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Thanks to your support, 2015 marks 30 years of the FSF! In the next 30 years, we want to do even more to defend computer user rights. To kick off in that direction, we're setting our highest-ever fundraising goal of $525,000 by January 31st. Read more.

$525K
28% (145K)
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GNU Bucks

[Photo of a GNU
Buck]

Free system distributions are committed to distributing information for practical use—like software and documentation—only when it's free. They go through a lot of effort to prevent nonfree materials from getting in—but a lot of software goes into a distribution, and packages are frequently updated, so it's difficult to check everything. People who help with this verification work by finding and reporting nonfree components in one of these endorsed distributions can be rewarded with GNU Bucks.

This page is maintained by the Free Software Foundation's Licensing and Compliance Lab. You can support our efforts by making a donation to the FSF. Have a question not answered here? Check out some of our other licensing resources or contact the Compliance Lab at licensing@fsf.org.

GNU Bucks are issued in one denomination—pi—and signed by Free Software Foundation president and “Chief GNUisance” Richard Stallman. We also maintain a list of people who have received GNU Bucks. This is all just our way of saying thanks to people who have helped contribute to the goals of the free software movement.

If you've found materials in the distribution—like software, documentation, fonts, or even graphics or music—that don't meet our guidelines for free distributions, we'd really appreciate it if you could report it. That way, we can help ensure that these distributions are always free for everyone to share. It's a great way to contribute to the free software community that has brought all this together. Just follow the instructions below.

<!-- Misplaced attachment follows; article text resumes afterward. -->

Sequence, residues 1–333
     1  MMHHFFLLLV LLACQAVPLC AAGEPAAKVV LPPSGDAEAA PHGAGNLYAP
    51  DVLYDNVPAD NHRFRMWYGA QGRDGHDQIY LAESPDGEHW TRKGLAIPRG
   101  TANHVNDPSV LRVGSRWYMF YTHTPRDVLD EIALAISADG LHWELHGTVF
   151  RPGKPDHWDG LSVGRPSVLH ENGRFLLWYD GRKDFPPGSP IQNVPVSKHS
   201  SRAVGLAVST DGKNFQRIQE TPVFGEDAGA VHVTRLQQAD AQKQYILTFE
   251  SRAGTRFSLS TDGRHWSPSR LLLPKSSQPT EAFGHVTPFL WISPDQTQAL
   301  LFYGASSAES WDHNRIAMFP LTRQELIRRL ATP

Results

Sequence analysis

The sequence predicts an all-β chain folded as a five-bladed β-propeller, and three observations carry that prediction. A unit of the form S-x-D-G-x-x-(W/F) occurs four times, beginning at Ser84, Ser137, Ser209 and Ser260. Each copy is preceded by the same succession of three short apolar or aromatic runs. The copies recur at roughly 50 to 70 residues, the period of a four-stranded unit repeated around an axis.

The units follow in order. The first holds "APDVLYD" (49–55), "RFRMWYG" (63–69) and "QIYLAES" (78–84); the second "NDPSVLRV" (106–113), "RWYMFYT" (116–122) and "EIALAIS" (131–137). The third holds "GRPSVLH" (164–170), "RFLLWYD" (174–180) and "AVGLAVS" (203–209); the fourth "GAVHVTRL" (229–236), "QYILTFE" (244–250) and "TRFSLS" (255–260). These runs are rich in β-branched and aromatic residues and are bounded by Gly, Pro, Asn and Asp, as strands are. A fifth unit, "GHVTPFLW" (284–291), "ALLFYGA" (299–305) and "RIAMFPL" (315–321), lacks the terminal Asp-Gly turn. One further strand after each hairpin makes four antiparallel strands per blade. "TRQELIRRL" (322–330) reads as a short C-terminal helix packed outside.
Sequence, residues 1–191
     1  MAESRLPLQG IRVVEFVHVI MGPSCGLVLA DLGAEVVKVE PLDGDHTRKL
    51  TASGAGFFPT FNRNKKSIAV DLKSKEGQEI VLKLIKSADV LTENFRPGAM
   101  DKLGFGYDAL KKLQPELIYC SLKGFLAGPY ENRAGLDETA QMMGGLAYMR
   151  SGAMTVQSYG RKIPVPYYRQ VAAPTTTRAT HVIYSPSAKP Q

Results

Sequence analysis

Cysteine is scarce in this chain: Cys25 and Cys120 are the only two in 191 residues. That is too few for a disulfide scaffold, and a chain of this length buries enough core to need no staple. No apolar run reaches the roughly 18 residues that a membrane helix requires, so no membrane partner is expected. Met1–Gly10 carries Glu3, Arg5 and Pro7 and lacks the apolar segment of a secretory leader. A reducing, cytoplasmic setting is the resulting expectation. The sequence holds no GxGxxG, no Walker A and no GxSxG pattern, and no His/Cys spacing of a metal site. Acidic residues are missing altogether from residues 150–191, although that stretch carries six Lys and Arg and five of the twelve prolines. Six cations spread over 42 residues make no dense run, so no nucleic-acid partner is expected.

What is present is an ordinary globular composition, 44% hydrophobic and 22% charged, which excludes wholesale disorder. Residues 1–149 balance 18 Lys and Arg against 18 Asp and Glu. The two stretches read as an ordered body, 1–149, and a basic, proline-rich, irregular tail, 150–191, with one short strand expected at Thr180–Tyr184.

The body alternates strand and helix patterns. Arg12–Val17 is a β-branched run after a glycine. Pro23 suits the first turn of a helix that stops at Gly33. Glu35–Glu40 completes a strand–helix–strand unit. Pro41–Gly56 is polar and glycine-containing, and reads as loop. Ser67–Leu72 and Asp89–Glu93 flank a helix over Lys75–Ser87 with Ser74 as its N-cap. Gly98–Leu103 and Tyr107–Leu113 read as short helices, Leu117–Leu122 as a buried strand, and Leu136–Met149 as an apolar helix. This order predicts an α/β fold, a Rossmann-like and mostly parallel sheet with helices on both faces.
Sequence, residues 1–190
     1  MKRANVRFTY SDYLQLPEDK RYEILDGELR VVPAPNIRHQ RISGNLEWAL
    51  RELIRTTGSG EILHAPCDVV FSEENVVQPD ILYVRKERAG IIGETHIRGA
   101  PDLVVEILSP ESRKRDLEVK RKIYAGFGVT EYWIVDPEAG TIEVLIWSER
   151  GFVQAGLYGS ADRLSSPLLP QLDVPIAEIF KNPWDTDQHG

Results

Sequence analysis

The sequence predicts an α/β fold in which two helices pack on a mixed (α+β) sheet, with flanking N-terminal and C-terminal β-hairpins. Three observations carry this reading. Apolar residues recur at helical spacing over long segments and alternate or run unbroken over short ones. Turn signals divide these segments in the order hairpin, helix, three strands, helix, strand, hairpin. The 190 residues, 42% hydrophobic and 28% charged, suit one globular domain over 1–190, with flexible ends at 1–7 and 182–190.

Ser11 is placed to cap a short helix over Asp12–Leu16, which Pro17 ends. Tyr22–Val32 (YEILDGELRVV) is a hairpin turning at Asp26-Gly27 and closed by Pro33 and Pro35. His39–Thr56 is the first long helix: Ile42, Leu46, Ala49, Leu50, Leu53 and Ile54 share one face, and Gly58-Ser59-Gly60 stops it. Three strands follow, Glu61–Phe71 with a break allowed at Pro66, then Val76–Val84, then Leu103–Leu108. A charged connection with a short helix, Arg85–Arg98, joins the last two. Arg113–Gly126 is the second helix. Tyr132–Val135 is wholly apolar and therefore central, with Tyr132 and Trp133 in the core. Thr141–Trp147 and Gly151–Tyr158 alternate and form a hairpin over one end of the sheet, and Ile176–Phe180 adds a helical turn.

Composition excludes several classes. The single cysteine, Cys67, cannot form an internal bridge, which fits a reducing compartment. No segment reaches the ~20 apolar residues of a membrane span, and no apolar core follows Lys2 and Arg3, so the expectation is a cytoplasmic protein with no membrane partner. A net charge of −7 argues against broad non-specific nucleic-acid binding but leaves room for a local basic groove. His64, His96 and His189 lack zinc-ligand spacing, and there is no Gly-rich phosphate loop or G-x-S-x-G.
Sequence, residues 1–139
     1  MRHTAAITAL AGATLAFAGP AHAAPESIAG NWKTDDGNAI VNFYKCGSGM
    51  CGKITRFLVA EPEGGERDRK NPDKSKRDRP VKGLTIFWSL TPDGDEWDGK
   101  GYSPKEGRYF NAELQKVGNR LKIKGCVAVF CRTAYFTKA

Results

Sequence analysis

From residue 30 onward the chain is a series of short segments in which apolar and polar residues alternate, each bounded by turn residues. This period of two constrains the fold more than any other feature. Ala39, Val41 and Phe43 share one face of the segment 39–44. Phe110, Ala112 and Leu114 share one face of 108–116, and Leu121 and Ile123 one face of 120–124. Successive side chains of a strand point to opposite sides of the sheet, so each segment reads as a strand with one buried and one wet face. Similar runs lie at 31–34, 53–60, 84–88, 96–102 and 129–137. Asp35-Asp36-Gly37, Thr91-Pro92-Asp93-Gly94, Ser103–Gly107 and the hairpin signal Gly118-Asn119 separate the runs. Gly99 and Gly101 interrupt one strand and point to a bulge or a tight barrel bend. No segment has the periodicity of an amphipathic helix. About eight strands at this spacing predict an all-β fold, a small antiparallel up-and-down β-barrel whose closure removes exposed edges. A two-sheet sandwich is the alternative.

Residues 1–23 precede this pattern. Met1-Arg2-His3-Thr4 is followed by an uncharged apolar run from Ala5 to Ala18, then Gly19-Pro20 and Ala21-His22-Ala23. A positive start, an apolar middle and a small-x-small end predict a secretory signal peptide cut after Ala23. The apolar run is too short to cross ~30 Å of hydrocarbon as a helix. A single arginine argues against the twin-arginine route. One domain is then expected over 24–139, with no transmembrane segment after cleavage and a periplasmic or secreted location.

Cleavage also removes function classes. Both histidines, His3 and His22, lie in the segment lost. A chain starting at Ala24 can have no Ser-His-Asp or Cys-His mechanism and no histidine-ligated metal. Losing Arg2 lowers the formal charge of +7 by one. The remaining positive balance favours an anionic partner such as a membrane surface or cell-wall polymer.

Short Instructions

In order to be recognized by our GNU Bucks program, you need to file a detailed and actionable bug report with one of our endorsed distributions about materials that do not meet our guidelines, and send us a copy at report-nonfree@fsf.org. You will receive recognition after the maintainer has confirmed that the bug is valid.

Detailed Instructions

To help make sure everyone's on the same page, here's a little more information about what we're looking to see in this program, and why:

Where To Send Your Report

Below is a list of where you can report bugs for all of the distributions we endorse. Web addresses point to bug trackers or forums you can use—note that you may need to register before you can submit a report. After you file the bug, please send a link to it to report-nonfree@fsf.org. If an email address is provided instead, you can send your report there directly, and CC: report-nonfree@fsf.org.

Thanks!

While we do listen to feedback from distribution maintainers to determine what reports are eligible for recognition, ultimately the decision about who receives a GNU Buck rests with the FSF. If you have questions about the program in general, or about the eligibility of a particular bug, please write to us at report-nonfree@fsf.org.

Thanks for taking the time to submit a report. We understand the amount of effort that goes into it—it's a valuable contribution to free software, and we're grateful to those who offer it.

 [FSF logo] “Our mission is to preserve, protect and promote the freedom to use, study, copy, modify, and redistribute computer software, and to defend the rights of Free Software users.”

The Free Software Foundation is the principal organizational sponsor of the GNU Operating System. Support GNU and the FSF by buying manuals and gear, joining the FSF as an associate member, or making a donation, either directly to the FSF or via Flattr.

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